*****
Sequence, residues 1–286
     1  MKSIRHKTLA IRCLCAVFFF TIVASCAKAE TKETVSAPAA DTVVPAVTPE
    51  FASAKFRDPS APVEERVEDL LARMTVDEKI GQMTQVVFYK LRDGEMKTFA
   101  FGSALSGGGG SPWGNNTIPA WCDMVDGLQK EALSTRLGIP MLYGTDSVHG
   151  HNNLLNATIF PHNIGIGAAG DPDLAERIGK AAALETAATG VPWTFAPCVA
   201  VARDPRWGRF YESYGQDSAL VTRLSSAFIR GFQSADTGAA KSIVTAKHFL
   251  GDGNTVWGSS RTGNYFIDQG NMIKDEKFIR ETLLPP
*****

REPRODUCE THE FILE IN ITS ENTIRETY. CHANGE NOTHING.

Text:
Sequence, residues 1–286
     1  MKSIRHKTLA IRCLCAVFFF TIVASCAKAE TKETVSAPAA DTVVPAVTPE
    51  FASAKFRDPS APVEERVEDL LARMTVDEKI GQMTQVVFYK LRDGEMKTFA
   101  FGSALSGGGG SPWGNNTIPA WCDMVDGLQK EALSTRLGIP MLYGTDSVHG
   151  HNNLLNATIF PHNIGIGAAG DPDLAERIGK AAALETAATG VPWTFAPCVA
   201  VARDPRWGRF YESYGQDSAL VTRLSSAFIR GFQSADTGAA KSIVTAKHFL
   251  GDGNTVWGSS RTGNYFIDQG NMIKDEKFIR ETLLPP